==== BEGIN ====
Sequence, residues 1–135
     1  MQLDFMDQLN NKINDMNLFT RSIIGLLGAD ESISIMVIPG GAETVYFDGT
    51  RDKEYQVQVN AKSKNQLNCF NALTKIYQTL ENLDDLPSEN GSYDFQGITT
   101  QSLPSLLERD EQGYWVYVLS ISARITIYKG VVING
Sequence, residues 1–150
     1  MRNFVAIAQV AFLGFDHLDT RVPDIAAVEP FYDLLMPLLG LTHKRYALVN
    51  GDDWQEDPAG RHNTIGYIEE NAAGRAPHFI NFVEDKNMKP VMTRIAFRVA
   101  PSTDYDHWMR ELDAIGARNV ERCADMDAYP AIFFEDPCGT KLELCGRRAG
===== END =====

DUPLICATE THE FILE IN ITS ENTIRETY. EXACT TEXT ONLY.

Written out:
Sequence, residues 1–135
     1  MQLDFMDQLN NKINDMNLFT RSIIGLLGAD ESISIMVIPG GAETVYFDGT
    51  RDKEYQVQVN AKSKNQLNCF NALTKIYQTL ENLDDLPSEN GSYDFQGITT
   101  QSLPSLLERD EQGYWVYVLS ISARITIYKG VVING
Sequence, residues 1–150
     1  MRNFVAIAQV AFLGFDHLDT RVPDIAAVEP FYDLLMPLLG LTHKRYALVN
    51  GDDWQEDPAG RHNTIGYIEE NAAGRAPHFI NFVEDKNMKP VMTRIAFRVA
   101  PSTDYDHWMR ELDAIGARNV ERCADMDAYP AIFFEDPCGT KLELCGRRAG